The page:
Much like a musical superhero, Ernest Gonzales is a man with a secret identity. Well ok, not really secret as such, this is the age of the internet after all. When he dons his lucha libre mask, Gonzales transforms into Mexicans With Guns and makes music that aims straight for the dancefloor’s jugular. When the mask is off, he is his quieter “real” self and makes music that’s less focused on making people dance and much more likely to make them think and feel. Don’t get me wrong, it may still make you dance, I know it does for me. It’s just less obvious on the surface.
Back in 2010, San Antonio-based Gonzales released the first full length album on the then newly minted Friends of Friends label. Titled “Been Meaning To Tell You”, it was Gonzales’ second solo full length and a beautiful work of deeply personal music and art written and composed as a love letter to his wife. Nearly two years on to the month, Gonzales returns to Friends of Friends with “Natural Traits”, an album that very much feels like it’s picking up from where the last one left.
Where the previous album’s compositions blended elements of electronic music, chip sounds and folk across a template loosely centred around 140 bpms, this new album slows things down, somewhat yet still keeps the emotive powers of the previous work in creating vivid images and feelings in the listener’s mind and heart. “Natural Traits” is short – with nine original tracks and one remix – and manages to say all it needs to in that time, never outstaying its welcome.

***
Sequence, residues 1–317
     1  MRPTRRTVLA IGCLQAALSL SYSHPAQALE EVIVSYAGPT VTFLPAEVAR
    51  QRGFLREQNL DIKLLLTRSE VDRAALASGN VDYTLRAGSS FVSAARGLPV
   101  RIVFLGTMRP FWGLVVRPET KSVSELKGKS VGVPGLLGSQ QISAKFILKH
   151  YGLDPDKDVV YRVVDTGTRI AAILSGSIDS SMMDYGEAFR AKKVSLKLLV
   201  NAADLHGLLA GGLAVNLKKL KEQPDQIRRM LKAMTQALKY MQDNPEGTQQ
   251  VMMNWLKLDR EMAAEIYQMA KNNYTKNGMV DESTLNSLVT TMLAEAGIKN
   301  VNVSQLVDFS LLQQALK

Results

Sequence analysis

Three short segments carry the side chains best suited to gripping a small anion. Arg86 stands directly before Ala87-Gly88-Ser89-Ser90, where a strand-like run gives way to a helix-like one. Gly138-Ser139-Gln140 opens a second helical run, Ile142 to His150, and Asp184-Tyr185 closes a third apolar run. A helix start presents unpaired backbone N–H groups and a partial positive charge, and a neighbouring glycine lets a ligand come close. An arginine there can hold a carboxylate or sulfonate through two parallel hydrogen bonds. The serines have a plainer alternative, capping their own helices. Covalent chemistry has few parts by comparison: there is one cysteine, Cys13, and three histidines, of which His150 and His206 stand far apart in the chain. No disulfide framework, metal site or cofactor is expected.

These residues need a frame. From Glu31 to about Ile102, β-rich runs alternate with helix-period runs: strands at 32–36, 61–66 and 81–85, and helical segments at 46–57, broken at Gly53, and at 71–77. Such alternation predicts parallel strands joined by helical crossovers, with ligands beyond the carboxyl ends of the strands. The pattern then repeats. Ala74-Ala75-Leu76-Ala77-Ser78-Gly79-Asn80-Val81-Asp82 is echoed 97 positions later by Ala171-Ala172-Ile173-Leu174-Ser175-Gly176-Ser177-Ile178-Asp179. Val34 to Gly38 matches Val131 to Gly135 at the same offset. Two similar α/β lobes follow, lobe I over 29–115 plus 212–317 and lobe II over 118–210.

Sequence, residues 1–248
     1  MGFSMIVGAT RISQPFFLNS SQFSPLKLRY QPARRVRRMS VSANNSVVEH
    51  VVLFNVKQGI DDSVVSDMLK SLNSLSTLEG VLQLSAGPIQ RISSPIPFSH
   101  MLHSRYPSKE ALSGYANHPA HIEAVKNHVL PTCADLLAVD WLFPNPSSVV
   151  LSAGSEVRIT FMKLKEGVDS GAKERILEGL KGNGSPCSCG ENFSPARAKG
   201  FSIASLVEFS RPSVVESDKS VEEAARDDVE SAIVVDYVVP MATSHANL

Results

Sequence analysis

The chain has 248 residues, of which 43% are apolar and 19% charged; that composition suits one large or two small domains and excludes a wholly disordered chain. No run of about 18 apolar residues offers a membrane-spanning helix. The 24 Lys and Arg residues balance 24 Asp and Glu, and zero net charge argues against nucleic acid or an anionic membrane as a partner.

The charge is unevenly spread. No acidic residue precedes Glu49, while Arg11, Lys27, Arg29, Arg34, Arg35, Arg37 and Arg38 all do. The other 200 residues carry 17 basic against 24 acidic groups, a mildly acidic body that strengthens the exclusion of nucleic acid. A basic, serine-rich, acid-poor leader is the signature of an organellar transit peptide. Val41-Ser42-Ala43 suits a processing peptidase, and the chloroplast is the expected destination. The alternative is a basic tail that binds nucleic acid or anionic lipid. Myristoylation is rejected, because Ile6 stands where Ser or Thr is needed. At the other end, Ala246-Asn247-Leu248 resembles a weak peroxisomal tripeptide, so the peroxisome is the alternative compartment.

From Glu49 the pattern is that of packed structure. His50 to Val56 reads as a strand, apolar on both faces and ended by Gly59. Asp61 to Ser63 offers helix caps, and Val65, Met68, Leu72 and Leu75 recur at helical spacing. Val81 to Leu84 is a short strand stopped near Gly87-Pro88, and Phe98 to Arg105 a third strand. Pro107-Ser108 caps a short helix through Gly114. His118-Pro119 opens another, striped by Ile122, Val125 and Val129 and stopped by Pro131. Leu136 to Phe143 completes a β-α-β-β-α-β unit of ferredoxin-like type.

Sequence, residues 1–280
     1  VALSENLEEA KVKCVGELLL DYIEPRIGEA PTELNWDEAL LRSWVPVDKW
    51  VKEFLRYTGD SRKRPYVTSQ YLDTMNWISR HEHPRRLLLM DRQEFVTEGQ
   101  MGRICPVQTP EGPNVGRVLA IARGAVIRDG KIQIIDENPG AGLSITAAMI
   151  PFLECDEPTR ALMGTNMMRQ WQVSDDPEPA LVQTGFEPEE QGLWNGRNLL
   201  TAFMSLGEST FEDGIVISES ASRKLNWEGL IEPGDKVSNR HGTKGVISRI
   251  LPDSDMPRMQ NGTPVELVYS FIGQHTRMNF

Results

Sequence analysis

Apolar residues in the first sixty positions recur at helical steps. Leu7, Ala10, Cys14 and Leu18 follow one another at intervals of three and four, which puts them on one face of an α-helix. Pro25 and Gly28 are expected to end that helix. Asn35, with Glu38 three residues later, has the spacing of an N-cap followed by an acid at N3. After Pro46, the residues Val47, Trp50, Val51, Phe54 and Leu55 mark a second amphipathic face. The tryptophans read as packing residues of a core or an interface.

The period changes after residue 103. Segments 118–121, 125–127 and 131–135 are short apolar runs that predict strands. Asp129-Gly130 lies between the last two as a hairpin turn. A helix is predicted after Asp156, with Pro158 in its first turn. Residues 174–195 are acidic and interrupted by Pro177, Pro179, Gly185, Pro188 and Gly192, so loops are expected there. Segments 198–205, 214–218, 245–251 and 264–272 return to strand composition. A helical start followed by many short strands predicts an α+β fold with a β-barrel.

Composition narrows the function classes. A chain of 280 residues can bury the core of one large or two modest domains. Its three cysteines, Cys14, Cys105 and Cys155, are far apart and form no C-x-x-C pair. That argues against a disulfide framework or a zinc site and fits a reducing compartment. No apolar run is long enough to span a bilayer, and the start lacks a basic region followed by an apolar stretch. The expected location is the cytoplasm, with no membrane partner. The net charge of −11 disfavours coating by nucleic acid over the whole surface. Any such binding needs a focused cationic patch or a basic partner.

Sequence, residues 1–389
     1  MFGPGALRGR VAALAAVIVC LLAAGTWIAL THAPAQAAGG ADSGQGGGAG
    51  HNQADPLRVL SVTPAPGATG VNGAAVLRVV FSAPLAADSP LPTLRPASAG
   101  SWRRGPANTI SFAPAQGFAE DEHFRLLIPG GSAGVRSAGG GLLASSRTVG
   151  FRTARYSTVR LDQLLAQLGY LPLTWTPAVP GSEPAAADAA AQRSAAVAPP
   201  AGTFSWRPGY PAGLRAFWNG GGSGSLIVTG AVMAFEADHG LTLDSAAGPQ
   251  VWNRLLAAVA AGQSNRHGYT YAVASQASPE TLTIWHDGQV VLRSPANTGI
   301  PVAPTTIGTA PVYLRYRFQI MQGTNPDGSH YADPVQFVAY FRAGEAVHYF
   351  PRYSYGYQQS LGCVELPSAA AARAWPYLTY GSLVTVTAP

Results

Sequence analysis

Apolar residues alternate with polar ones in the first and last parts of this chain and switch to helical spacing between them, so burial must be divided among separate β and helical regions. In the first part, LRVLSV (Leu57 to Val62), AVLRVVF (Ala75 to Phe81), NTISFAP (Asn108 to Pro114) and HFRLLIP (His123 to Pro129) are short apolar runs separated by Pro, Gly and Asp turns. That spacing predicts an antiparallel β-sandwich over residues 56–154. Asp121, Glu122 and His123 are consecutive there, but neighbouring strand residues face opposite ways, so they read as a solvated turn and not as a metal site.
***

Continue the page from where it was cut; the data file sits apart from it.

When I say slow things down I refer to the overall tempo feel of the album, which is this time round closer to the templates of house, though still imbued with a little hip hop to keep things not quite as obvious as you might first think. Make no mistake though, this is not more house music re-packaged for the modern listener, but rather a body of work that takes this template as a base from which to explore musical possibilities, doing so thanks in no small part to Gonzales’ talent for composition and melodies. Using no samples, Gonzales writes with both analogue and digital equipment to produce music that manages to tap into the power of the former to produce a rich, warm sound and the flexibility of the latter to deliver interesting and unusual rhythms and melodies.
There is cohesion across the nine tracks that make “Natural Traits” a great repeat listen. The more you play it, the more sense it makes without stopping you from picking out favourites. Tracks like “When Synchronicity Prevails” and “Beneath The Surface” carry and display this emotive power I mentioned before best, especially in the guitar melodies of the latter, which feels like a direct continuation of the first album for the label. This is music that carries your mind away from whatever is distracting you in the moment and conjures up feelings and thoughts in ways I find myself so often wishing more electronic music did. There’s melancholia at times, hope at others, especially as most of the tracks evolve along non-conventional progressions. Opening track “The Prudence Of Evolution” and “The Sentimal Sea” meanwhile best describe this house template on which much of the album seems to rely, with steady and hypnotic 4x4 rhythms made warmer and funkier with some great percussion work and the same sort of melodic treatment that’s apparent throughout the album and which makes Gonzales’ music so appealing to me.
There’s plenty on “Natural Traits” to entice listeners both young and old, the key thing being that this is honest music that so obviously comes from the heart and has been crafted as such. It may not make the same impact as others in our always-on, hyper-connected world, yet “Natural Traits” – much like its predecessor, which I still bump regularly – is for me a fine, honest and carefully crafted album of electronic music, the first one to really make me stop and listen carefully in a while. It’s also deeply personal music that really fires your own emotions when you listen to it, and that’s something no amount of hype can fake. Let your ears and heart to be the judge.